Argonne chemists have identified a new catalyst that maximizes the effectiveness of platinum. Platinum—which offers unrivaled activity and stability for electrochemical reactions, such as the conversion of hydrogen and oxygen into water and electricity in fuel cells—is both scarce and expensive. Scientists are searching for alternative practical fuel cell catalysts that use far less of the costly precious metal.
In new research from the US Department of Energy’s (DOE) Argonne National Laboratory, published in Science, scientists have identified a new catalyst that uses only about a quarter as much platinum as current technology by maximizing the effectiveness of the available platinum.
Achieving high catalytic performance with the lowest amount of platinum is critical in fuel cell cost reduction. We describe a method of preparing highly active yet stable electrocatalysts containing ultralow Pt content using Co or Co/Zn zeolitic imidazolate frameworks as precursors. Synergistic catalysis between strained Pt-Co core-shell nanoparticles over a platinum-group-metal-free (PGM-free) catalytic substrate led to excellent fuel cell performance under 1 atmosphere of O2 or air at both high voltage and high current domains. Two catalysts achieved the oxygen reduction reaction (ORR) mass activities of 1.08 A mgPt−1/1.77 A mgPt−1 and retained 64%/15% of initial values after 30,000 voltage cycles in fuel cell.—Chong et al.
In a fuel cell, platinum is used two ways: to convert hydrogen into protons and electrons, and to break oxygen bonds and eventually form water. The latter reaction, the oxygen reduction reaction (ORR), requires an especially large quantity of platinum, and scientists have been looking for a way to reduce the platinum content in oxygen reduction catalysts.
Argonne scientists found novel ways to improve platinum utilization substantially. First, they tweaked the shape of the platinum to maximize its availability and reactivity in the catalyst. In this configuration, a few layers of pure platinum atoms cover a cobalt-platinum alloy nanoparticle core to form a core-shell structure.
The core-shell nanoparticles on their own still could not handle a large influx of oxygen when the fuel cell needs to crank up the electric current. To increase the efficiency of the catalyst, the researchers relied on another approach they knew from their past work—producing a catalytically active, platinum group metal-free (PGM-free) substrate as the support for the cobalt-platinum alloy nanoparticles.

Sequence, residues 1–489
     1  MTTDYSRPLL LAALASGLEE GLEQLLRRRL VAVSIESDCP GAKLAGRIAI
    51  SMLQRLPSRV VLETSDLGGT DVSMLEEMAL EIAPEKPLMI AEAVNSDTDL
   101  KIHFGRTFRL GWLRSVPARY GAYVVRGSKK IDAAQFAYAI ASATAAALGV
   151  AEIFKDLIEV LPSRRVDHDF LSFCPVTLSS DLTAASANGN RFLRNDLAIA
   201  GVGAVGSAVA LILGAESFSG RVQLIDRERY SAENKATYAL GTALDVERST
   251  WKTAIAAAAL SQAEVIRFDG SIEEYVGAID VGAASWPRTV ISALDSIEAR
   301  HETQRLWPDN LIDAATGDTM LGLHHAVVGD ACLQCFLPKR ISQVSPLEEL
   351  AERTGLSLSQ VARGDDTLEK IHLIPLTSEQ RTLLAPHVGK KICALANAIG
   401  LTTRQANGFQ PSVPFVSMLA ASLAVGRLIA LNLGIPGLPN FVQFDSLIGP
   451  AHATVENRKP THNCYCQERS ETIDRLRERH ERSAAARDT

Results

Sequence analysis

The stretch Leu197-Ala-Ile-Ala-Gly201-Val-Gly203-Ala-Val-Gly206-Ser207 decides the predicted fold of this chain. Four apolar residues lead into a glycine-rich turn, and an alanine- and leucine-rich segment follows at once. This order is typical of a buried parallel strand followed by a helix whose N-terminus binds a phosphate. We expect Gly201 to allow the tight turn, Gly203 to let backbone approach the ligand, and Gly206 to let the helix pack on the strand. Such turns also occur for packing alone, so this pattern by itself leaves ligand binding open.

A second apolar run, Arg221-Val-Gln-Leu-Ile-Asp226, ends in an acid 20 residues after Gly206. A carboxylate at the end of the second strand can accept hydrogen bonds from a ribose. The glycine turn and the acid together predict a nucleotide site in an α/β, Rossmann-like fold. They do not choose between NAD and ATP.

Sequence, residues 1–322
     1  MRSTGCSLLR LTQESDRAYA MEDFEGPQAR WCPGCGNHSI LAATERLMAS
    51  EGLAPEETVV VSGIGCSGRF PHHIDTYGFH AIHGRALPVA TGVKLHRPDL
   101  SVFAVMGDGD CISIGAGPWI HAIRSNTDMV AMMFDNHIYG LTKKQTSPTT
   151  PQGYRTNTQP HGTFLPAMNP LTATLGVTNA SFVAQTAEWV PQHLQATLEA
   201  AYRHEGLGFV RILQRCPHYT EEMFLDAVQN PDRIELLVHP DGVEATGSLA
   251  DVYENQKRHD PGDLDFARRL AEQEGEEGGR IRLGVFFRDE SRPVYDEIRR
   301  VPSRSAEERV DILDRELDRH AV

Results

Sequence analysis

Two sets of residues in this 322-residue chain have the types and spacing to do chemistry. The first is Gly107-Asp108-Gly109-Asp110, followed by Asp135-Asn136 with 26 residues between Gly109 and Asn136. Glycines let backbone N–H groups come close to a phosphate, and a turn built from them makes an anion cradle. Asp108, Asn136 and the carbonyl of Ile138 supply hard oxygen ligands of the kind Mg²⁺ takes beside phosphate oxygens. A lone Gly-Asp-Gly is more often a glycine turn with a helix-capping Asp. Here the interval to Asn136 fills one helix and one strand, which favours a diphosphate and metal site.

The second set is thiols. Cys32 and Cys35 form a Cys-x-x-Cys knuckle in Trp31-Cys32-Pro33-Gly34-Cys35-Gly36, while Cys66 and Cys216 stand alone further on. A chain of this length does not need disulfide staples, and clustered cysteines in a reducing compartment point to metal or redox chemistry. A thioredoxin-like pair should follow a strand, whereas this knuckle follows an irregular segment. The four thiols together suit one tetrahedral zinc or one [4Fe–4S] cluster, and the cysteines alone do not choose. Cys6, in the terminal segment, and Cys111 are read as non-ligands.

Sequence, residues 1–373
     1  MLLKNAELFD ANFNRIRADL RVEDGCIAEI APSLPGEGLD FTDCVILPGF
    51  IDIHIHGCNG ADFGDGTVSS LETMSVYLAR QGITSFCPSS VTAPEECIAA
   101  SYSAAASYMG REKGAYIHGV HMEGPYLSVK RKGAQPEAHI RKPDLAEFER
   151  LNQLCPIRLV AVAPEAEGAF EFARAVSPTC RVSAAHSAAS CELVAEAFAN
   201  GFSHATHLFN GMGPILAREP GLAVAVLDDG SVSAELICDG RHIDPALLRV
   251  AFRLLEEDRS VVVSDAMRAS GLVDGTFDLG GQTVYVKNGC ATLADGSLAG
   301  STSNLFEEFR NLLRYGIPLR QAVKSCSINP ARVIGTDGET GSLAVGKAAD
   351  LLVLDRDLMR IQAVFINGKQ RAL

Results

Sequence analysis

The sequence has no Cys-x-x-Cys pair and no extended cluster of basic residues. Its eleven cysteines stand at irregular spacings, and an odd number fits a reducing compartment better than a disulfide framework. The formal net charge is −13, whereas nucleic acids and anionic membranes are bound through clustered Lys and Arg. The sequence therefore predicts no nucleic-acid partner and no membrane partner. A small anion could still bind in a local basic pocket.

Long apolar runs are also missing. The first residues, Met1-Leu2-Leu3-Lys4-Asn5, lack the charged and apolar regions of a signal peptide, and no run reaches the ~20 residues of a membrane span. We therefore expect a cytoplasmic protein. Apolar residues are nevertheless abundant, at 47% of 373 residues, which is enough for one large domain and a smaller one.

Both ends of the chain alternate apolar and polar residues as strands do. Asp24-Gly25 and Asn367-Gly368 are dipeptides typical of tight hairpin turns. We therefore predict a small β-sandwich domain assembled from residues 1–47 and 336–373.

Using metal-organic frameworks as precursors, Argonne chemist Di-Jia Liu, the corresponding author of the study, and his colleagues were able to prepare a cobalt–nitrogen–carbon composite substrate in which the catalytically active centers are uniformly distributed near to the platinum-cobalt particles. Such active centers are capable of breaking the oxygen bonds by themselves and work synergistically with platinum.
As it turned out, the new combined catalyst not only improved activity but also the durability as compared to either component alone.
Liu and his colleagues have created a patented process that involves first heating up cobalt-containing metal-organic frameworks. As the temperature increases, some of the cobalt atoms interact with organics to form a PGM-free substrate while others are reduced to well-dispersed small metal clusters throughout the substrate. After the addition of platinum followed by annealing, platinum-cobalt core-shell particles are formed and surrounded by PGM-free active sites.
While the ultimate goal is to eliminate platinum from hydrogen fuel cell catalysts entirely, Liu said that the current research opens up a new direction in addressing both fuel cell catalyst activity and durability in a cost-effective way.
Since the new catalysts require only an ultralow amount of platinum, similar to that used in existing automobile catalytic converters, it could help to ease the transition from conventional internal combustion engines to fuel cell vehicles without disrupting the platinum supply chain and market.—Di-Jia Liu
The study included computational modeling and advanced structural characterization done in part at Argonne’s Advanced Photon Source and Center for Nanoscale Materials, both DOE Office of Science User Facilities.
The research was funded by DOE’s Office of Energy Efficiency and Renewable Energy (Fuel Cell Technologies Office).